by Philip Price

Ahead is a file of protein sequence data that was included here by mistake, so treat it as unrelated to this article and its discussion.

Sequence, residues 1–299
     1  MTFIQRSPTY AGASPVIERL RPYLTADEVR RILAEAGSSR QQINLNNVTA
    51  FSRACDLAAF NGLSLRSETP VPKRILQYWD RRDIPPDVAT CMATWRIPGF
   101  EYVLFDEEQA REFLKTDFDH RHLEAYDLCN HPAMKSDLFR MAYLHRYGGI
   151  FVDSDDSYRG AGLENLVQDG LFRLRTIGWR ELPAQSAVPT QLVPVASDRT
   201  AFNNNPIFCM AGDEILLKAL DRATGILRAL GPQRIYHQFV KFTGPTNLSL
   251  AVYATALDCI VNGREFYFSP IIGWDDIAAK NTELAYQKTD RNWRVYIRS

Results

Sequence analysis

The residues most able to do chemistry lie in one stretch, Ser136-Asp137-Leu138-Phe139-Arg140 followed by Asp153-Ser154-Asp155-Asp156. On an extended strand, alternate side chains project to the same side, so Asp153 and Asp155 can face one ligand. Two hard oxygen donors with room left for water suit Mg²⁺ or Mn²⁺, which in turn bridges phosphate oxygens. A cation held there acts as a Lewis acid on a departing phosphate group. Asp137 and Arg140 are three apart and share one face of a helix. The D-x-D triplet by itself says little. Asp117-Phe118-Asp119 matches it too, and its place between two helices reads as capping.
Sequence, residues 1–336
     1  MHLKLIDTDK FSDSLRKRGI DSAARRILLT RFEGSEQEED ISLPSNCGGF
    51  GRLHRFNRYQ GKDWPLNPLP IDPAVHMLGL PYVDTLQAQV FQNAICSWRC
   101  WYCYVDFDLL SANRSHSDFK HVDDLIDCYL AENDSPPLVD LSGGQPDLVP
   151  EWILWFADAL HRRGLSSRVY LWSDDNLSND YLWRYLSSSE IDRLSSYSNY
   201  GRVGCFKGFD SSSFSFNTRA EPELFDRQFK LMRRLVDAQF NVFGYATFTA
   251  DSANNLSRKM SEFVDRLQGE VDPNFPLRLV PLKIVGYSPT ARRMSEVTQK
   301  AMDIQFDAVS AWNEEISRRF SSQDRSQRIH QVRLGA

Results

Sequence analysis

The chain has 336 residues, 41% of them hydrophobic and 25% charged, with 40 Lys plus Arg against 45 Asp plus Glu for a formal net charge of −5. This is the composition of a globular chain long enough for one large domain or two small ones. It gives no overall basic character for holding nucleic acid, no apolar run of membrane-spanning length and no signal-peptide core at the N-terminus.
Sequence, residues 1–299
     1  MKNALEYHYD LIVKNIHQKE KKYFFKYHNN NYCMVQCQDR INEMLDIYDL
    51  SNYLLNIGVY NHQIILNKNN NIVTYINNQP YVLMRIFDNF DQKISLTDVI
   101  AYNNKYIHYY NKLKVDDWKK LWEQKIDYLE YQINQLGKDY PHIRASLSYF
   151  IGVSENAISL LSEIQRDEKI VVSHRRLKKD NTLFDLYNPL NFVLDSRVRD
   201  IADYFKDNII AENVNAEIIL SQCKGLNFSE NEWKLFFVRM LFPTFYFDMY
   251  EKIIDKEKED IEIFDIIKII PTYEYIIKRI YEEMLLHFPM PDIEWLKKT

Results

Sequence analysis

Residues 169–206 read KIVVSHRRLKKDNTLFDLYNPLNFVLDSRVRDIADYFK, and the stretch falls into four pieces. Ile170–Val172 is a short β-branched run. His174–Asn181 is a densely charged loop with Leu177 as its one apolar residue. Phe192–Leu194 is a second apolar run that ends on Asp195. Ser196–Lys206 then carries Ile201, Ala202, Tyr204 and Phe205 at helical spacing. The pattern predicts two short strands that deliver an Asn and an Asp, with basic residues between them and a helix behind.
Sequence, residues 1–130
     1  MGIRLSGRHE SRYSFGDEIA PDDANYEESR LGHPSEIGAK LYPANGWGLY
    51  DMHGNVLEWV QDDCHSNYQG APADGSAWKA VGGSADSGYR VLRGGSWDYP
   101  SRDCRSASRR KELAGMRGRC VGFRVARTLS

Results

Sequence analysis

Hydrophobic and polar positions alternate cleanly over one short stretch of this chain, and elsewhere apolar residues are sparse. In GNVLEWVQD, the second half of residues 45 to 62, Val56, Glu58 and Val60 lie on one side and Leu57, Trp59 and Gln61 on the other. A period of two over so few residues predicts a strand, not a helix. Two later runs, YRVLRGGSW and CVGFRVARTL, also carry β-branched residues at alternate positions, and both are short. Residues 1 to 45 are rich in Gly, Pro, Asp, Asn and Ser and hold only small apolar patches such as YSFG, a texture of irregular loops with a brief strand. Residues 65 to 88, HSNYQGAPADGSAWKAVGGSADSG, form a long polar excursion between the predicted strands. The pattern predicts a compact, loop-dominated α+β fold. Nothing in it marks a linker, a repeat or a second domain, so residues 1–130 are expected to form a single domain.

“The Final Girls” is one of those movies people who love movies could likely watch over and over again. I say this because I've watched it twice already and enjoyed it even more the second time around. Everything about the film is calculated to perfection when considering the genre it is both lampooning and writing a love letter to. Here, writers M.A. Fortin and Joshua John Miller use this self-aware technique not to make fun of the actions of their own movie, but more to examine the staples of nostalgia and how what eventually become these staples begin as innocent, unintentional marks of the decade from which a movie is born. We're unaware of the tropes being created by the countless super hero blockbusters of our current cinematic landscape, but in 20 years there is no doubt the twenty-somethings will find a strange comfort in movies that attempt to recreate the tone and energy of what we can't see in front of us right now. It's an interesting experiment and one that pays off in spades for a certain type of audience member. Lucky for me, I feel a part of the generation that will get the most out of this take on the slasher film that was born out of the ‘80s horror boom. There are two kinds of spoofs, ones where the characters and genre trappings are exaggerated for mere comical effect and then the ones that mean to point out the aspects that, while admittedly being horrible, also make the characters and genre so endearing. What “The Final Girls” clearly intends to do is show us why these ‘80s films about teens dying horribly gruesome deaths have become so endearing to the current generation. The answer is we find a kind of solace in the likes of Freddy Krueger, Jason Vorhees, Leatherface and Michael Myers that wasn't available in the elaborate mind of Jigsaw or the allusive ‘Paranormal Activity’ villains. It's an atmosphere that feels foreign to the smart phone era and is a reminder of what the world was like when we were innocent while still appealing to our now adult nature with its horror aspects. “The Final Girls” capitalizes on each of these components to play perfectly into everything a certain set of audience members need to feel fully enraptured not only in the events taking place in the film, but our own thought processes about such films.